With their simple yet profound words, two students from Phillip Rogers Elementary have joined the literary ranks of award-winning Chicago poets.
Each year, in honor of the contributions made by Dr. Martin Luther King, Jr., Chicago’s Auditorium Theatre sponsors a poetry contest that challenges CPS students in grades 3-12 to explore their vision of “the beloved community”. This year’s winner was Jeanie H, a 5th-grader at Phillip Rogers Elementary School.
Lights to Equality
By Jeanie H.
It’s time to walk hand in hand,
It’s time for a world of equality.
It matters not who you are, or what you claim to be,
You’re you, and that’s good enough for me.
Can’t we see who we are,
Our hearts have strayed too far.
Everyone wants happiness,
No one wants pain.
But you can’t have a rainbow,
Without a little rain.
Jeanie’, who was an ELL student until 2012, was shocked to find out that she had won the citywide competition.
“I felt happy and really proud of myself,” she said. “I like to write, and was excited to write a poem about how everybody should be equal.”
Joris Soeding, the teacher who encouraged Jeanie and his other 5th-grade students to participate in the contest, felt it was a way for them to celebrate not only the life of Dr. King, but the values that are at the core of Rogers Elementary.
“Our diversity is something we celebrate every day at Rogers,” he said, “so the notion of Dr. King’s beloved community aligns perfectly with our focus, both in terms of multiculturalism and literature.”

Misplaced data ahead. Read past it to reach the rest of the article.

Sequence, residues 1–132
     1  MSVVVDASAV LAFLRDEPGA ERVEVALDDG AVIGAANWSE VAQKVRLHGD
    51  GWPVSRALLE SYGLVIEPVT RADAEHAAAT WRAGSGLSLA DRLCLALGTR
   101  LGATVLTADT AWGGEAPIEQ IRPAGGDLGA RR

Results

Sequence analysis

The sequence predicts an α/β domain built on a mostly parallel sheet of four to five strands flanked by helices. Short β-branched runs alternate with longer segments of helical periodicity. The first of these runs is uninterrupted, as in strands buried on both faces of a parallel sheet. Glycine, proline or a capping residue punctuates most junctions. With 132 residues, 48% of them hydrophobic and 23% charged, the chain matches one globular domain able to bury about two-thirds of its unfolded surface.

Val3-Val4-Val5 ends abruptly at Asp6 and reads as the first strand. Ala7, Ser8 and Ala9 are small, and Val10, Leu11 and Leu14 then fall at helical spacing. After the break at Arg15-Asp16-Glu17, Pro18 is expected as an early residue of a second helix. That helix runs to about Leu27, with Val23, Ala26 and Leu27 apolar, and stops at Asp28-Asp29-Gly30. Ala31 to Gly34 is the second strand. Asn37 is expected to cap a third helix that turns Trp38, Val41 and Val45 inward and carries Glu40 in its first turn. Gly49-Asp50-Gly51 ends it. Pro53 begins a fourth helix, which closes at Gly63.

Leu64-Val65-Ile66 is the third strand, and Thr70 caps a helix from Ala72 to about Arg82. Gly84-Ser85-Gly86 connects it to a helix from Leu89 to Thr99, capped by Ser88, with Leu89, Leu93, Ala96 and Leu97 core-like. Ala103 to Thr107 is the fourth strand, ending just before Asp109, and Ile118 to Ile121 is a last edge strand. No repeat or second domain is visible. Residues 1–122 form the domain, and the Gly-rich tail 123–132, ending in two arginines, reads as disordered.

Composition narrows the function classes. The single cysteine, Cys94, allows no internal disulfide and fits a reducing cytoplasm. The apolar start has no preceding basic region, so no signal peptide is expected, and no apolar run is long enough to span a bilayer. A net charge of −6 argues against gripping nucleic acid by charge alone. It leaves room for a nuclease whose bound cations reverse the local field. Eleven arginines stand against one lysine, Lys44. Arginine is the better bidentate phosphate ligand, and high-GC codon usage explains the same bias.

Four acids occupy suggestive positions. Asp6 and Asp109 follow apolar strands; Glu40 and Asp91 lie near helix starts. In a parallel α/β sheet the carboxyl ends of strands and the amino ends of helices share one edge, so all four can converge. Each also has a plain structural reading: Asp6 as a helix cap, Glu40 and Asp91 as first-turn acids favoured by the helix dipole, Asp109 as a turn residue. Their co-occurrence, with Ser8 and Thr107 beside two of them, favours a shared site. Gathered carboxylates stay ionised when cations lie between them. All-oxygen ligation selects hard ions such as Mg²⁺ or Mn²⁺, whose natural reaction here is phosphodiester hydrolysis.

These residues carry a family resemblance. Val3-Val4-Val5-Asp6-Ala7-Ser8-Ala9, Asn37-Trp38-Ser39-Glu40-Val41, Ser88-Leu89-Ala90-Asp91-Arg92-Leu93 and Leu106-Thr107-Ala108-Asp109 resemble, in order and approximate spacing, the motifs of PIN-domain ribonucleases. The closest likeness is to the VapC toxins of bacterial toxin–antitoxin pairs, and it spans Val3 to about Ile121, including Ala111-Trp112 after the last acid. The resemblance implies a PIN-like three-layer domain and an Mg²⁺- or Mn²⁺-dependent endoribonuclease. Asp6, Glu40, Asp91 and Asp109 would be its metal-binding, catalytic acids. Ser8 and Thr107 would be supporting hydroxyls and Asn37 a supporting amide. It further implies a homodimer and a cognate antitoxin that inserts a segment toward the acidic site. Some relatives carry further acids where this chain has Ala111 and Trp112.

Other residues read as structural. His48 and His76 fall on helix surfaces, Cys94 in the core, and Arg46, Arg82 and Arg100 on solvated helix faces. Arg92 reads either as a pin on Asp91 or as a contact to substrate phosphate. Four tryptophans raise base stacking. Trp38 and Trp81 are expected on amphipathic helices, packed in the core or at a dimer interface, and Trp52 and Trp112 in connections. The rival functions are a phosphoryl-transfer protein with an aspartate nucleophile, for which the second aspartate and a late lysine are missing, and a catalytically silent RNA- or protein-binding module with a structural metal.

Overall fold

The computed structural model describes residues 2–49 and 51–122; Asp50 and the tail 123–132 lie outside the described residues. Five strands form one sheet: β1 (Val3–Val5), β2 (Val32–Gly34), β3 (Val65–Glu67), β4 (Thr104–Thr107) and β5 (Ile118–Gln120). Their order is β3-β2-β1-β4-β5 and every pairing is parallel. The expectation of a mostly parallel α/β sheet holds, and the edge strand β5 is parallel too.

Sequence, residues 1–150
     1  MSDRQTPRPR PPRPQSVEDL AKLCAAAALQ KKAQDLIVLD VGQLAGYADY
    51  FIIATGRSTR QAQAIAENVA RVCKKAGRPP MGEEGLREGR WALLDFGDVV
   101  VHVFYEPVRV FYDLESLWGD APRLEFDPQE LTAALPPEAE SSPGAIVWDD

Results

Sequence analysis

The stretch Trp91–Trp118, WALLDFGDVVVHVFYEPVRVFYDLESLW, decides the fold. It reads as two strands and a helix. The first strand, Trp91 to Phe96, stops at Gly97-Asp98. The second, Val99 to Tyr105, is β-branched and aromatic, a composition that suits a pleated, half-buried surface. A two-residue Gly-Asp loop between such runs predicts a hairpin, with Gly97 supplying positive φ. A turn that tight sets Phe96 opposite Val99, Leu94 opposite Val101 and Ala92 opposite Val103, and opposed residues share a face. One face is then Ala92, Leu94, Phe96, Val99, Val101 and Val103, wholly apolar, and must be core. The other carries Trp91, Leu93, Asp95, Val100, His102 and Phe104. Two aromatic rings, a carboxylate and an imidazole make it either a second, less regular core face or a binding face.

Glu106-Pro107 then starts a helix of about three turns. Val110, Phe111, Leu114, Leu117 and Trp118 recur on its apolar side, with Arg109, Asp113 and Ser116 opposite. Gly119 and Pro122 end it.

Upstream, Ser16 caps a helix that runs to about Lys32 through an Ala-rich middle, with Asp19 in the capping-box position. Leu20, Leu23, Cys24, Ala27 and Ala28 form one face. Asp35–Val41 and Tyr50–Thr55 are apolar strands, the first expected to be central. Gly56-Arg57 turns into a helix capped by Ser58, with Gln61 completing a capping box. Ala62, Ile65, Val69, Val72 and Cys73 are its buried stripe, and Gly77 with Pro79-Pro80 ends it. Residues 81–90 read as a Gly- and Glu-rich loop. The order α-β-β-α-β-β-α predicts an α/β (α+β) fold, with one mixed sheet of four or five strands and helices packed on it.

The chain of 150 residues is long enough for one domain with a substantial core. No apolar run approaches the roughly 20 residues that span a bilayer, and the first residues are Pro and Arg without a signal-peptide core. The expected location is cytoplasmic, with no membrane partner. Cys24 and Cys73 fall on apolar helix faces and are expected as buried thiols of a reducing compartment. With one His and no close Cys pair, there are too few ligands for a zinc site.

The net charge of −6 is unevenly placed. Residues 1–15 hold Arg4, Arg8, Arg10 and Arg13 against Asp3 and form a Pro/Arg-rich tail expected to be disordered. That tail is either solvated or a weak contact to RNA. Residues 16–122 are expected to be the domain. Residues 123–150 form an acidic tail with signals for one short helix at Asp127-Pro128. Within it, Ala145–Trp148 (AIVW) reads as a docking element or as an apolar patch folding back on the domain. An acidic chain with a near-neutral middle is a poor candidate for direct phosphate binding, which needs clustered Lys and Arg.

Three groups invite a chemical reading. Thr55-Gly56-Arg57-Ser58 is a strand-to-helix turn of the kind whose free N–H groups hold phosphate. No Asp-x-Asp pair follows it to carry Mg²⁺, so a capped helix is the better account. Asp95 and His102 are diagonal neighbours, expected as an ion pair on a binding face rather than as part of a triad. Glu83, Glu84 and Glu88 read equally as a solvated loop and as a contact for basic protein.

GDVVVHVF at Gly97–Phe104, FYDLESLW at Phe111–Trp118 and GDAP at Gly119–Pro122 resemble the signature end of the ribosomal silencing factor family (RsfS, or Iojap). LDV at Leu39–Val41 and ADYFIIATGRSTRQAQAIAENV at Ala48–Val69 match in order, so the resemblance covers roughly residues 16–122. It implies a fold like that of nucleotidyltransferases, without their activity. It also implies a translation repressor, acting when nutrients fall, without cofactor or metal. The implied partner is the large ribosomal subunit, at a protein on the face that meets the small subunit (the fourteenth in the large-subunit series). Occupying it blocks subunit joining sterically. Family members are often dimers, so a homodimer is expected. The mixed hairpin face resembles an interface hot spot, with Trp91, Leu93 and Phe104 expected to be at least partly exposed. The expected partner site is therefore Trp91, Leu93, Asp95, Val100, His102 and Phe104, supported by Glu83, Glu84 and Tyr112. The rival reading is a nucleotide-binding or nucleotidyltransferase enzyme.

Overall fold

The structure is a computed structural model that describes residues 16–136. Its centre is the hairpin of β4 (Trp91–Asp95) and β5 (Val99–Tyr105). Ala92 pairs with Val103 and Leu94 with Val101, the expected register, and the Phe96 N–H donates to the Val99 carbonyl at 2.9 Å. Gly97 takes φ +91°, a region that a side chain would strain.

Also among this year’s finalists were Coura M., another 5th-grader at Phillip Rogers, and three students from Harold Washington and Frank Reilly elementary schools. All five students had their poems published in N’Digo Magazine and the winner and first runner-up were invited to read their poems at the Auditorium’s annual “Too Hot to Handel” concert.
“With our diverse group of professional and volunteer musicians, ‘Too Hot to Handel’ exemplifies what the beloved community is all about,” said Christina Bourne, Director of Creative Engagement for the Auditorium. “We are always thrilled to have our CPS poets be a part of this unique performance.”
From November through February, the Auditorium Theatre’s Creative Engagement Department presents workshops in 20 CPS schools, with themes like “The Sound of Nonviolence”, “The Power of One”, and “The Beloved Community”. These experiences have produced student-made change quilts that decorate the walls of the Auditorium Theatre, as well as musical compositions that are created and performed by the students.
“In one workshop, we ask students to look at a brief speech by Dr. King and use its message to create their own personal soundtrack,” said Bourne. “They learn about writing music and building an ensemble, and end with a performance of an original song that explores their vision of Dr. King’s beloved community.”